I spend about twice as much money on my cable bill each month than any other utility. I don’t have any of the “premium” channels, but with my cable internet, my digital cable service, my DVR, and my HD service, Comcast is happy to get my check. I justify the DVR because I end up watching more of the TV that I’m paying for (the whole pause button rocks), the HD is luxury but it’s really a wash because it’s the same box as the DVR and I spent all that money on the TV, so really it it’s something I have to have. (I’ve always been a master of rationalization.) Before I bought the TV, I was seriously considering getting rid of the cable entirely, but once I took that plunge that idea went right out the window. Bottom line, I spend a good portion of my entertainment dollars programming the home theater.
However, everytime I go and visit the neighbors, I’m amazed at the amount of channels that they have compared to my setup. I should preface this…they have the same cable company that I do, but they don’t have the digital service, the DVR, or even the cable box. They actually have less channels than I do. They don’t have HD, they have a coaxial cable that goes from the wall into the TV without going through a converter, a stereo, a DVR, or even one of those cable amplifiers you can buy at Radio Shack. They have the most the most basic setup, and they pay the basic minimum each month. What’s the difference?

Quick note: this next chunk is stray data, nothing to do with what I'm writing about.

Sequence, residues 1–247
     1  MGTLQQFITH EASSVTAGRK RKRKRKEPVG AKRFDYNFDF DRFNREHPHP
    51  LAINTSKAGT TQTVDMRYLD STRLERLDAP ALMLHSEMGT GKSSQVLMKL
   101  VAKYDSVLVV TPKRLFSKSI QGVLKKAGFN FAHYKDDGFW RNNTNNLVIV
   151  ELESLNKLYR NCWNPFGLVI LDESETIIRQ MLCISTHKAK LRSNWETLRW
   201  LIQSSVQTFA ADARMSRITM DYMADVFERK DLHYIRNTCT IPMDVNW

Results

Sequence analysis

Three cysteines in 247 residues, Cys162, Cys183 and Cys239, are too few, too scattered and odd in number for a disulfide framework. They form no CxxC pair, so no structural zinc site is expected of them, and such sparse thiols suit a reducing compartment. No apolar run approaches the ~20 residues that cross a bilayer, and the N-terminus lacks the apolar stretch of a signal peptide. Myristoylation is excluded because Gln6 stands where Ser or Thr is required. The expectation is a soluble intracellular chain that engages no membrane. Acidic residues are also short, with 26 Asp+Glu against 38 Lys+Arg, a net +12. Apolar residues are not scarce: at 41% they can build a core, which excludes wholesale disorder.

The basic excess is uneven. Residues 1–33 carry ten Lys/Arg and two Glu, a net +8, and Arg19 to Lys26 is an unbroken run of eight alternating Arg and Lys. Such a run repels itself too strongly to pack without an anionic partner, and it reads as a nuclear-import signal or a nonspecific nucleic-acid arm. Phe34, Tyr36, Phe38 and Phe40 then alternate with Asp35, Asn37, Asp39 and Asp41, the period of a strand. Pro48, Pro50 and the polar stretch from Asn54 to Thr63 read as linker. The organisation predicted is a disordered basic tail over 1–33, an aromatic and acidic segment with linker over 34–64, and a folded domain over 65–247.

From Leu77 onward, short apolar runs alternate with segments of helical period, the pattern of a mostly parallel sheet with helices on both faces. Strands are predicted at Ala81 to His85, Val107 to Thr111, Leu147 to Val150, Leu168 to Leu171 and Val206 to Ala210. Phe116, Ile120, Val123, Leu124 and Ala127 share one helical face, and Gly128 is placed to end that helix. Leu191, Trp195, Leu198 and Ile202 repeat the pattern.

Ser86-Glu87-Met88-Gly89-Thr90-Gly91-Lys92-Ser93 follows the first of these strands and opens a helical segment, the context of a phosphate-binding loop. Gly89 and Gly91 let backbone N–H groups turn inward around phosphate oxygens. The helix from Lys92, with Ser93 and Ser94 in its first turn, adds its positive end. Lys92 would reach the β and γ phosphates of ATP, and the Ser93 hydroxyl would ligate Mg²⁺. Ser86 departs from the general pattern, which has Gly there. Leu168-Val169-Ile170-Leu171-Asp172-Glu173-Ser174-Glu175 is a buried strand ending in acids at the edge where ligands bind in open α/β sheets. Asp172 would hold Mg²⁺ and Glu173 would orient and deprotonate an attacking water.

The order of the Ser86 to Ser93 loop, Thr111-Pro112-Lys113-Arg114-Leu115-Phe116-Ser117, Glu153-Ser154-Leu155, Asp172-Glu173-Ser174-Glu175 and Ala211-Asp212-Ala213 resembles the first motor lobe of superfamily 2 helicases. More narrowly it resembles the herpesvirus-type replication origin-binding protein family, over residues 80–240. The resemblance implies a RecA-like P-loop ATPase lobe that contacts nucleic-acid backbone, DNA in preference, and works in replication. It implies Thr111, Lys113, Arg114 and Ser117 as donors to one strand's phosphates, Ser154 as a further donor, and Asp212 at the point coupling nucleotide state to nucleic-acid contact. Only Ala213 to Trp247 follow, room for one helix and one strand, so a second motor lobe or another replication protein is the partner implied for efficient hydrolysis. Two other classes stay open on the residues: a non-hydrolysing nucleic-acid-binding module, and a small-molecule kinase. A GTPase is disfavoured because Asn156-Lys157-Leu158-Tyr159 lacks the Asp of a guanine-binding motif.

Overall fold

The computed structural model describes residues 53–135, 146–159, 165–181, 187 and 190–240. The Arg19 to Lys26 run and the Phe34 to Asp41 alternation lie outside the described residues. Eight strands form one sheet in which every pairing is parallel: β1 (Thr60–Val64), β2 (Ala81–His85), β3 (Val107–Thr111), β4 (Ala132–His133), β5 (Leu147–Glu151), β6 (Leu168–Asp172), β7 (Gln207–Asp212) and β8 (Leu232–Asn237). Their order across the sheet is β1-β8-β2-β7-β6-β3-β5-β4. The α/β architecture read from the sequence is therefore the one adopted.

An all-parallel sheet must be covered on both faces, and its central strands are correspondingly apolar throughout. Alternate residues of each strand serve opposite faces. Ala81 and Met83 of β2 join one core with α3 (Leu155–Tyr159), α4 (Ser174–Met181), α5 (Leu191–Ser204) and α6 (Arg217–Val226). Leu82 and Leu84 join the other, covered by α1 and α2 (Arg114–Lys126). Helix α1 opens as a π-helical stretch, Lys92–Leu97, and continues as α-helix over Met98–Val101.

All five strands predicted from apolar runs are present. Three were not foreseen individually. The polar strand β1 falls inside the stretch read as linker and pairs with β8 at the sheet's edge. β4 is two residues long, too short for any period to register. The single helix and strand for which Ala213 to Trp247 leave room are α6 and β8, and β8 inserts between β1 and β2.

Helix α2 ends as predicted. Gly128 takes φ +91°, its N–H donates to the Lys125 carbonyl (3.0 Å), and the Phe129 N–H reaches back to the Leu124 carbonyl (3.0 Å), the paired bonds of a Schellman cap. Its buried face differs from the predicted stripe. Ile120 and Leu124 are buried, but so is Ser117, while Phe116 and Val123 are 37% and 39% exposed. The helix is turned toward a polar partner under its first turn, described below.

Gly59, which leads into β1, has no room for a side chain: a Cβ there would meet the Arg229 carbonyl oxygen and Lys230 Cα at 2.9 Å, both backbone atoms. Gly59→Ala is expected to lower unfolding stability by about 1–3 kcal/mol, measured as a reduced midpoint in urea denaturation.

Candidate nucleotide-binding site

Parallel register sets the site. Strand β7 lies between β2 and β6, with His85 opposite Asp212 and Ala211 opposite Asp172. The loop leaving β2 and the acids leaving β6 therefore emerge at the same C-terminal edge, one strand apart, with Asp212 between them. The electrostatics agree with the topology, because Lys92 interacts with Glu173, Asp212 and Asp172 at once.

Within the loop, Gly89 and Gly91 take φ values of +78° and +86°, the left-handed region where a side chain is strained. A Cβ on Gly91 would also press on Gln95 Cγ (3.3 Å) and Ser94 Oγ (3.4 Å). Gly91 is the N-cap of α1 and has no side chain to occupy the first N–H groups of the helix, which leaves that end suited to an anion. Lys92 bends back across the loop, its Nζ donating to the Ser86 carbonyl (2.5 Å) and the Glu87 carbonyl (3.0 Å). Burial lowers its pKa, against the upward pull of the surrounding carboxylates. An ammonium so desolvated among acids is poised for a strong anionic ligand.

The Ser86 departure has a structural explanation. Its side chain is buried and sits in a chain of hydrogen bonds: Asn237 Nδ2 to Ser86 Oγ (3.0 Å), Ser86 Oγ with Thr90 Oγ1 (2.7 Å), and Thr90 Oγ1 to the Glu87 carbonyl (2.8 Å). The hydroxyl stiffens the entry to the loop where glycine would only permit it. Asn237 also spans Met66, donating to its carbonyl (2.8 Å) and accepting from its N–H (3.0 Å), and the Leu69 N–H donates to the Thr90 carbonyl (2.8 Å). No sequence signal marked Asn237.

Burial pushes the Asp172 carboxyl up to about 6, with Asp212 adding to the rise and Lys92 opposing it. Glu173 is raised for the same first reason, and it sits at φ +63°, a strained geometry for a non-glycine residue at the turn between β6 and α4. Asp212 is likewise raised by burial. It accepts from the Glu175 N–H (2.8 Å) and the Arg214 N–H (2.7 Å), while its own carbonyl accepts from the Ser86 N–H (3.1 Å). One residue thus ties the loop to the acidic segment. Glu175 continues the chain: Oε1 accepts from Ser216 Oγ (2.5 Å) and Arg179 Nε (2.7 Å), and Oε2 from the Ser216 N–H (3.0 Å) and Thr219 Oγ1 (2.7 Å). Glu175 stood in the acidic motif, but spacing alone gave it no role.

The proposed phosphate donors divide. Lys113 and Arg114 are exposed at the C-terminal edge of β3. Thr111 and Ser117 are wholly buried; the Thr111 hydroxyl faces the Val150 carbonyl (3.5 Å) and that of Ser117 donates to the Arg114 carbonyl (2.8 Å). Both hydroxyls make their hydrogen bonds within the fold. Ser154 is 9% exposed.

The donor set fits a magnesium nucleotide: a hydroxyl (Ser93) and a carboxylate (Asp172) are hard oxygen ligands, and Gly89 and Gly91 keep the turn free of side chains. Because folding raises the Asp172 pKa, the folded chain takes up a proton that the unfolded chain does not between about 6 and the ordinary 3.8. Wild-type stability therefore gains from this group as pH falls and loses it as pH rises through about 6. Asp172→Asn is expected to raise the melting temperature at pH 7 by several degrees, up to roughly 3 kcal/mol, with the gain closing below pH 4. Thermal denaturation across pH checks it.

The damn program guide. With my setup, flipping from channel to channel is so slow (it takes at least three seconds between each channel), it’s a lot more efficient to browse through the program guide. Doing that, you see the channel name, the program name, and a four word description. When you flip through the channels, it really doesn’t give you as much information as you can visually discern what’s going on, who’s on the screen, and whether or not you want to watch the crap you see. I noticed this today when I (painfully) used the underused channel up button. The words “Barefoot Contessa*”on the guide offered me no reason to stop, but the smoked salmon dip she was making surely did. With the guide, I find that I’m more likely to stop on something I’ve seen before, rather than getting to play that game “What the hell is this show?” or even, “Who is that actor, I’ve seen him before somewhere?” The guide takes that fun away. At the neighbors, I can quickly (lightning fast channel finger) scan through each channel until I see something interesting to watch.
But I’m not giving up that DVR.
* The Barefoot Contessa is named Ina Garten. In a Garden? As a name for a chef that focuses on fresh vegetables? C’mon, you can make up a less obvious pseudonym than that, Ms. Contessa.